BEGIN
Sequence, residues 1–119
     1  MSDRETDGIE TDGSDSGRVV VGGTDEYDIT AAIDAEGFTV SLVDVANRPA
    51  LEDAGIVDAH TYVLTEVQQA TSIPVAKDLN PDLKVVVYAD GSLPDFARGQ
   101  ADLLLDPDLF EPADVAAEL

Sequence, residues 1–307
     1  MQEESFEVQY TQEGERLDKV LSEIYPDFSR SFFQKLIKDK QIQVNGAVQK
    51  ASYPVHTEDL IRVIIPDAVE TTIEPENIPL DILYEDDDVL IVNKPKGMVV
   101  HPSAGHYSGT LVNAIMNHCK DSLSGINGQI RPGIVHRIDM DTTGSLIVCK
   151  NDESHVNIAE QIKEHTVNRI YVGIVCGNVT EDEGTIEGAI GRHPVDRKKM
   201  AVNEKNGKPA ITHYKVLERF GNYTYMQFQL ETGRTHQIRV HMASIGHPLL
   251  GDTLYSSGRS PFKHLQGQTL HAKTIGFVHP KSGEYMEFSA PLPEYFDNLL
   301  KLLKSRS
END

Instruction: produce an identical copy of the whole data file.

Sequence, residues 1–119
     1  MSDRETDGIE TDGSDSGRVV VGGTDEYDIT AAIDAEGFTV SLVDVANRPA
    51  LEDAGIVDAH TYVLTEVQQA TSIPVAKDLN PDLKVVVYAD GSLPDFARGQ
   101  ADLLLDPDLF EPADVAAEL

Sequence, residues 1–307
     1  MQEESFEVQY TQEGERLDKV LSEIYPDFSR SFFQKLIKDK QIQVNGAVQK
    51  ASYPVHTEDL IRVIIPDAVE TTIEPENIPL DILYEDDDVL IVNKPKGMVV
   101  HPSAGHYSGT LVNAIMNHCK DSLSGINGQI RPGIVHRIDM DTTGSLIVCK
   151  NDESHVNIAE QIKEHTVNRI YVGIVCGNVT EDEGTIEGAI GRHPVDRKKM
   201  AVNEKNGKPA ITHYKVLERF GNYTYMQFQL ETGRTHQIRV HMASIGHPLL
   251  GDTLYSSGRS PFKHLQGQTL HAKTIGFVHP KSGEYMEFSA PLPEYFDNLL
   301  KLLKSRS